American tennis star Ryan Harrison is a bit baffled that a tennis player sits on top of the Forbes list of the highest-paid athletes but the game itself isn't making as much money as some other sports do. Roger Federer, a record 20-time Grand Slam champion, landed on the top spot of the annual Forbes list of the highest-paid athletes for the first time this year with $106.3 million in pre-tax earnings.
The list debuted in 1990 and Federer -- arguably the greatest tennis player ever -- became the first tennis player ever to take the No. 1 spot on the prestigious Forbes list. Federer, now ranked at No. 4 in the world, made $6.3 million in prize money and $100 million from endorsements and appearance fees.
"We feel the greatest impact of Roger Federer is yet to come," Uniqlo head of global creative John Jay told Kurt Badenhausen of Forbes, as revealed on Bleacher Report. "Of course, it will be fueled by his status as the greatest of all time, but Roger's ability to bring positive change to the world is his future and ours."
Ryan Harrison suggests something needs to be done while the Big Three are still active
"Insane how the ATP Tour has the most marketable athlete in the world but somehow tennis makes crumbs compared to other sports.
Tennis has never been better and is super lucky to have such great role models, so at what point does the sport as a whole get the money it deserves," Harrison said in a Twitter post.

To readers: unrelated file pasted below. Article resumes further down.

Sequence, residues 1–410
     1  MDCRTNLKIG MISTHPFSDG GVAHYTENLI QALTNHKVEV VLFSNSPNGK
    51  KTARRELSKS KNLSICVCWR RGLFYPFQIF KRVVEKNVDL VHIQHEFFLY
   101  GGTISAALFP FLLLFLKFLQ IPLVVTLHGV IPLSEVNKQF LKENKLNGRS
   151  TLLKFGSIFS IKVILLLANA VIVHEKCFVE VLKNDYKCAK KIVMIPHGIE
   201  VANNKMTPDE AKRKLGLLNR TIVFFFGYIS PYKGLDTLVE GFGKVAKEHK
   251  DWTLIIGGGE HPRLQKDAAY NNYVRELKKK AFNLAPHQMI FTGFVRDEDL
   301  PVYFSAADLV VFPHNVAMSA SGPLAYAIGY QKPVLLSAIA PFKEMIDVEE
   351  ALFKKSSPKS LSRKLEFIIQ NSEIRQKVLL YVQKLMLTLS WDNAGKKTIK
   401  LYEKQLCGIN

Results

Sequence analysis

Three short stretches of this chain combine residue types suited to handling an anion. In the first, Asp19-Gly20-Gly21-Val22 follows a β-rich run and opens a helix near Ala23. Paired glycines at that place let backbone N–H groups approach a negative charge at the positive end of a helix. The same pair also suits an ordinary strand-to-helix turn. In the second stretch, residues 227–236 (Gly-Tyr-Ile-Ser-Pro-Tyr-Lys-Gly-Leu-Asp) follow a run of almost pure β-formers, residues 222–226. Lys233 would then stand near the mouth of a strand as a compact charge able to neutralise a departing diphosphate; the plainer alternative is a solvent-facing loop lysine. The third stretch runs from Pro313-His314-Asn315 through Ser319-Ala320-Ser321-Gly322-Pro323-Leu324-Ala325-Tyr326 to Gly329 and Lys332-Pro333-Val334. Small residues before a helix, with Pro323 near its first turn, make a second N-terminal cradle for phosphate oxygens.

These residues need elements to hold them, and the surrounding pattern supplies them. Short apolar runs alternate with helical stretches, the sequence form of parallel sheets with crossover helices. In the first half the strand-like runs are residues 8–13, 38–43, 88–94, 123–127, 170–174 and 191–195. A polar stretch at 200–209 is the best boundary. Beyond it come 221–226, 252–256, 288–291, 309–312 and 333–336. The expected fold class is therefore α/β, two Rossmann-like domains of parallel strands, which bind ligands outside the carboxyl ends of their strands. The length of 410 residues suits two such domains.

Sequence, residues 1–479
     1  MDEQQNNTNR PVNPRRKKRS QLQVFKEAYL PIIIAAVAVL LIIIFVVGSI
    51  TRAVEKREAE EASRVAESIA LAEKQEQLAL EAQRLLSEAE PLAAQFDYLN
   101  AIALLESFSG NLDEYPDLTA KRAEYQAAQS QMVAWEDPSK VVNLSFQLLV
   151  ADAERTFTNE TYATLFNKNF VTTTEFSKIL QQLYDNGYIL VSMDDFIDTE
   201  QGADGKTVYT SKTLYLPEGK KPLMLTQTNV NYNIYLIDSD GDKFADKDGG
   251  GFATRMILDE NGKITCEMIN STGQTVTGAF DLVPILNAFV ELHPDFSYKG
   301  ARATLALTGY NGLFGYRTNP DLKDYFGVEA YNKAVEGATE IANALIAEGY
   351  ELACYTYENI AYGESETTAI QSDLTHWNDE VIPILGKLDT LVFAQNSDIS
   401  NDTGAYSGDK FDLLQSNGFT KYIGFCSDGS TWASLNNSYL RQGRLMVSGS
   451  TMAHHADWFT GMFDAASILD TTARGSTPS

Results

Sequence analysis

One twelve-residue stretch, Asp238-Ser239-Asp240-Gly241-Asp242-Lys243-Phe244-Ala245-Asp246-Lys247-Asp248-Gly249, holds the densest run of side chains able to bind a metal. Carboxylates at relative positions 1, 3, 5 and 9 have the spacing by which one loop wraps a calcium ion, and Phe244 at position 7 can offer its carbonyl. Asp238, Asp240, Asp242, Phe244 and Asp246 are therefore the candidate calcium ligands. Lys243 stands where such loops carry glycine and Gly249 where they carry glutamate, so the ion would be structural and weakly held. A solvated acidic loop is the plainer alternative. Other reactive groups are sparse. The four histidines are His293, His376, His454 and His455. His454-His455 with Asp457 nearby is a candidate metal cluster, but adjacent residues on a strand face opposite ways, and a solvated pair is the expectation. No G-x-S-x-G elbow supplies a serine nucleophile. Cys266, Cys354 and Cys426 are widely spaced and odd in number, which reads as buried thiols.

Players have been urging the governing bodies of tennis to make some changes ever since the Tour got suspended and some have noted prize money needs to be distributed better.
Insane how @atptour has the most marketable athlete in the world but somehow tennis makes crumbs compared to other sports.
Tennis has never been better and is super lucky to have such great role models, so at what point does the sport as a whole get the 💰 it deserves https://t.co/yrhpN34mcX — Ryan Harrison (@ryanharrison92) May 29, 2020
Harrison, a former world No. 40, has earned $4,753,741 over the course of his career. After an injury-plagued 2019 campaign, Harrison made his comeback in late-January. Harrison, ranked at No. 452 in the world, didn't make an ideal comeback to tennis as he picked up back-to-back first round losses at the Challenger events in Newport Beach and Dallas.
But the American then lifted his form as he won two matches at the Cleveland Challenger, before he made the round-of-16 at the Delray Beach. In his last tournament played this season, former world No. 40 Ryan Harrison lost his opener in the qualifying event in Acapulco.